From Canada's most beloved author, and winner of the 2013 Nobel Prize in Literature--perhaps our most beloved author--a new selection of her peerless short fiction, gathered from the collections of the last two decades, a companion volume to Selected Stories (1968-1994)
No Nobel Prize in recent years has garnered the enthusiastic reception that Alice Munro's has, and in its wake, her reputation and readership have skyrocketed worldwide. Now, Family Furnishings gives us twenty-five of her most accomplished, most powerfully affecting stories, most of them set in the territory she has so brilliantly made her own: the small towns and flatlands of southwestern Ontario. Subtly honed with the author's hallmark precision, grace, and compassion, these stories illuminate the ordinary but quite extraordinary particularity in the lives of men, women, and children as they discover sex, fall in love, part, quarrel, head out into the unknown, suffer defeat, and find a way to be in the world.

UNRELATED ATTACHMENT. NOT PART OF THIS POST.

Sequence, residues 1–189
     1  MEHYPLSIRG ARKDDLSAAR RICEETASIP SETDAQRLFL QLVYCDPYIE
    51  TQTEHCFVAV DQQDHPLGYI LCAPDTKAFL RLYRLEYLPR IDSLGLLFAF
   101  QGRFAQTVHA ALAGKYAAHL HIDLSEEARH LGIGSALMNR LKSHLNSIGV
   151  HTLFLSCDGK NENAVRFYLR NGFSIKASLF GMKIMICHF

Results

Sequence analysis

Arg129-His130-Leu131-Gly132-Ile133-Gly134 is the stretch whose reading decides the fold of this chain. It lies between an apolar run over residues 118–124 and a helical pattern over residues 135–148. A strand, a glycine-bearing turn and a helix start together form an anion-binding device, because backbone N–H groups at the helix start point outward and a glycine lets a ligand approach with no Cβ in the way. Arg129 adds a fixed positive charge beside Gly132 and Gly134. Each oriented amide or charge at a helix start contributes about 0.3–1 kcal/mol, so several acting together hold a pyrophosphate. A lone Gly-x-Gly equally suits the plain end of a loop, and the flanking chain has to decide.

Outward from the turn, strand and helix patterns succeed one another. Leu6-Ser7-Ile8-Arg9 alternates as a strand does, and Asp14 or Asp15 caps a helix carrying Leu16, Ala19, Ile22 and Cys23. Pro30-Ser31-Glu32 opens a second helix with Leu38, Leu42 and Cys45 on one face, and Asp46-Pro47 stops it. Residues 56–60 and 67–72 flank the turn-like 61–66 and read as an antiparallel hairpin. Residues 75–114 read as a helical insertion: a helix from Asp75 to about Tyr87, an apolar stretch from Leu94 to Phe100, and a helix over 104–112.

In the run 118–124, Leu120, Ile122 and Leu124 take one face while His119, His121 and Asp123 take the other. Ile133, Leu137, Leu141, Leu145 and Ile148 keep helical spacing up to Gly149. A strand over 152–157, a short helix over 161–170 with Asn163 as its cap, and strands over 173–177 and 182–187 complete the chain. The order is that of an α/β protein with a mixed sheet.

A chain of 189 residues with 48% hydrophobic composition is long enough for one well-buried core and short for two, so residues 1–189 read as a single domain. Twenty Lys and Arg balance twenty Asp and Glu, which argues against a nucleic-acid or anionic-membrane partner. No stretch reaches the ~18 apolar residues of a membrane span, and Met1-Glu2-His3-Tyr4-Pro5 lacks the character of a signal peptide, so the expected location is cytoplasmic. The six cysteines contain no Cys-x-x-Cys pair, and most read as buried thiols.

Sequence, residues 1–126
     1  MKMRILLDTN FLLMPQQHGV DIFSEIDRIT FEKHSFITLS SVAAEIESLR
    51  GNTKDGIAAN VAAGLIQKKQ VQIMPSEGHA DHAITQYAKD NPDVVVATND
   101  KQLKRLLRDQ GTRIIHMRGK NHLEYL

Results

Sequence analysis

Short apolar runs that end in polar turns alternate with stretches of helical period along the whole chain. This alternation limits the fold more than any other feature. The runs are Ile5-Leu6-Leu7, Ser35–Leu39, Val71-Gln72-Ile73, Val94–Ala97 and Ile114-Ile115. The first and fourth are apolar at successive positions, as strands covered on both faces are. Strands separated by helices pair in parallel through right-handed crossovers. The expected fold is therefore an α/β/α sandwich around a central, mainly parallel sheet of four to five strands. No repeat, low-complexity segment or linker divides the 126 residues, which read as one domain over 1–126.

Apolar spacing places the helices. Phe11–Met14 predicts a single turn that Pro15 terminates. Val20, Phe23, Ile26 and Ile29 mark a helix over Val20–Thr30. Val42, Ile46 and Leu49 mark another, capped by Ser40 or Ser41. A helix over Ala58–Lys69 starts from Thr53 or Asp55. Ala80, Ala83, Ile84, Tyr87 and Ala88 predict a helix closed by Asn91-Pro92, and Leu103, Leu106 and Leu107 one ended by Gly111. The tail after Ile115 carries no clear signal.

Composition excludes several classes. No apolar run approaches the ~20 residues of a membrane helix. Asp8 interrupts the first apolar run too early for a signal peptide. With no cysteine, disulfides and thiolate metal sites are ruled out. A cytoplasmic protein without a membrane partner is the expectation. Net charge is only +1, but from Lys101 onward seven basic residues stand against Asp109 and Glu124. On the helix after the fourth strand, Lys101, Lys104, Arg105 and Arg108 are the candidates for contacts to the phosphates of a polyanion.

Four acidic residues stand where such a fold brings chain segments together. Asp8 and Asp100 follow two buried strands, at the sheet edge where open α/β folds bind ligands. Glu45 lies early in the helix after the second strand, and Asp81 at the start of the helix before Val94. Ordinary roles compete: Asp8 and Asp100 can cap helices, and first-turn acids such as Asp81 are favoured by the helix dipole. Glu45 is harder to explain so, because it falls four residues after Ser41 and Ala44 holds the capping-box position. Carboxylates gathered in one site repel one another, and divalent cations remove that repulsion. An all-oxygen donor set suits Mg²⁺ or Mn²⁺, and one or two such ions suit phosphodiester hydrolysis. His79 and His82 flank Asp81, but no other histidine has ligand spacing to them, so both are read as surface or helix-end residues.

ALICE MUNRO grew up in Wingham, Ontario, and attended the University of Western Ontario. She has published thirteen collections of stories and a novel. During her distinguished career she has received many awards, including two Giller Prizes, the National Book Critics Circle Award, and the Man Booker International Prize. In 2013 she was awarded the Nobel Prize for Literature. Her stories have appeared in The New Yorker, Atlantic Monthly, Harper's Magazine, The Paris Review, Granta, and many other publications, and her collections have been translated into thirteen languages. She lives in Port Hope, Canada, on Lake Ontario. Online: http://alicemunro.ca/
• "She is, and has been for decades, one of our most important writers, one whose work represents all the most essential and pleasureable aspects of literature, and which reminds us of what great literature is." --The Globe and Mail
• "What a stunning, subtle and sympathetic explorer of the heart Munro is." --The Washington Post
• "Munro may have arrived at the end of her career, but her stories keep changing as works of art tend to do ... Even if you've read the stories in Family Furnishings before, they still spring surprises large and small." --The New York Times Book Review